Surprise Field Office

Prevention and Control of Noxious Weeds

Controlling weeds poses a special dilemma because, once a weed infestation is identified, it is often already so extensive that containment is difficult and expensive. Biological control (using organisms such as introduced insects or diseases to suppress populations) is effective in slowing the spread of weeds but generally cannot eradicate the infestation. Manually pulling weeds or using machines to dig them up is effective with smaller infestations if done carefully to avoid spreading seeds. Herbicides can be effective in controlling weeds and stopping their spread especially when infestations are detected early. Land managers generally take an integrated approach, using a combination of these methods.

The best way to control noxious weeds is to prevent them from entering the land in the first place. Following are some general guidelines for preventing weeds from entering public lands and from spreading to new uninfested areas:

  • Commercial seed should be required to be free of noxious weeds and labeled accordingly.
  • Collect seed on the land and use local native seeds for planting.
  • Consider seeding only in graded areas or areas where damage will occur, such as erosion, if seeding is not done.
  • Prohibit livestock lessees from supplemental feeding while their livestock in grazing on public land.
  • Keep livestock in a holding field for 24 to 48 hours before they are released onto open range.
  • When constructing or maintaining roads, inspect gravel pits and fill sources to identify weed-free sources.
  • Grazing animals should not be moved from infested to noninfested areas until after weed seed set.
  • Signs should be posted at trailheads containing weed awareness and prevention techniques.
  • Equipment or machinery should be cleaned before it is moved from a noxious-weed contaminated area to a noncontaminated area.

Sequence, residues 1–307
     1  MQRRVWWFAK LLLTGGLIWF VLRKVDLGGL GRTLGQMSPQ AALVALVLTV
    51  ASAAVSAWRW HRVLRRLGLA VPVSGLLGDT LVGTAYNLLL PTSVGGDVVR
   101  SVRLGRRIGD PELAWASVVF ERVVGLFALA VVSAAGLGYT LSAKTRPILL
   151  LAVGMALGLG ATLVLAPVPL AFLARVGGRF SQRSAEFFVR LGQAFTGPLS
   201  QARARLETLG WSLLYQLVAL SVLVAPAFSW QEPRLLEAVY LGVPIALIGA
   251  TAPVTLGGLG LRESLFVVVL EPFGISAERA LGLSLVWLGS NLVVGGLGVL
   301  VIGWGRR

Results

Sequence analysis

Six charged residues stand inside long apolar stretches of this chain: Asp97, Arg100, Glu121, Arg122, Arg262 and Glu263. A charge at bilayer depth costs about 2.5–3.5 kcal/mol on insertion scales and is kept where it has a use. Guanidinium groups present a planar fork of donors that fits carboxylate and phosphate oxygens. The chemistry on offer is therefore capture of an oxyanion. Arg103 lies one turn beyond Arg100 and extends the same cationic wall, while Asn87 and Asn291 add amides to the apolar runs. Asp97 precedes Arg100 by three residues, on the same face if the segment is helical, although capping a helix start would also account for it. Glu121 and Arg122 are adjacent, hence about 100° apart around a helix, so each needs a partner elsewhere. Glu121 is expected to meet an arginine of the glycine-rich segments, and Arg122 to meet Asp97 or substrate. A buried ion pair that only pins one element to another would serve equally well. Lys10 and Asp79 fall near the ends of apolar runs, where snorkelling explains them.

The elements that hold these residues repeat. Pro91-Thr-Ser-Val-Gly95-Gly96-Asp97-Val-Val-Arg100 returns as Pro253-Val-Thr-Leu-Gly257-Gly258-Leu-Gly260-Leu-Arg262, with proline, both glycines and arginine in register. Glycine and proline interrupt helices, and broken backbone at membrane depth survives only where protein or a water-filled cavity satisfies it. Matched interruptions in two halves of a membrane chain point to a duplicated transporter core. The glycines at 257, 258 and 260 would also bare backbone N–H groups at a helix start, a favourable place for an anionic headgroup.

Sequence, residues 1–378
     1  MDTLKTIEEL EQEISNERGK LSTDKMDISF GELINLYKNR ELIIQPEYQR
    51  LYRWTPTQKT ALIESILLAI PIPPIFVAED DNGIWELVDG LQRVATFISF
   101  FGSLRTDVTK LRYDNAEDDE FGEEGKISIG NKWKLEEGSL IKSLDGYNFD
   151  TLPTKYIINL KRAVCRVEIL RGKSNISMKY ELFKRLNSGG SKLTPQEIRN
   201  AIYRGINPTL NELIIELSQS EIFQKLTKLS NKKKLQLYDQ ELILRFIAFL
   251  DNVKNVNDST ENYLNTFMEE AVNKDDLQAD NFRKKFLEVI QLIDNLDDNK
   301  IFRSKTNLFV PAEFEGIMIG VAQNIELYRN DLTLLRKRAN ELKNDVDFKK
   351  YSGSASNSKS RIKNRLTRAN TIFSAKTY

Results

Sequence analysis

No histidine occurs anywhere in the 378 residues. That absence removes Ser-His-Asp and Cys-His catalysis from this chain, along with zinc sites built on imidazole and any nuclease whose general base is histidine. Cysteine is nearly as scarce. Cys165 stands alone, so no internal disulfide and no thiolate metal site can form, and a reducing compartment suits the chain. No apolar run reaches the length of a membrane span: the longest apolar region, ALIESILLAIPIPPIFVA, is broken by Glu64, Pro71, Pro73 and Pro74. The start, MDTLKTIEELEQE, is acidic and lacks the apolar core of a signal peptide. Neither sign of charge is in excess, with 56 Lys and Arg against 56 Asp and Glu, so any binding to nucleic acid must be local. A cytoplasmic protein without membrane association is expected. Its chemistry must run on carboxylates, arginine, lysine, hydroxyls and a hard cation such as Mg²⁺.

Here is what you can do to help prevent the spread of noxious weeds:

  • Refrain from picking wildflowers or plants. They may be noxious weeds. Picking them can spread their seeds.
  • Tell your family and friends about this problem.
  • Check with your local nursery or nature center before adding weed-like plants to your garden. Some varieties come in a hybridized or non-invasive variety. Be aware of what is in your own backyard.
  • Check with your local ranger or land manager before starting a backcountry hike. Find out how to identify problem weed species in the area. Report any infestations you may encounter.
  • Clean all camping gear, clothing, and shoes before leaving an area to avoid inadvertently taking seeds along to the next campsite, county, or state.
  • Do not camp in or hike through weed infested areas. Stay on designated trails.
  • Drive only on established roads or trails away from weed infested areas. Seeds can become imbedded in tire treads and travel to new areas.
  • For pack animals, use only feed that is certified weed free starting 96 hours before entering backcountry areas.
  • Remove weed seeds from the animals by brushing them thoroughly and cleaning their hooves.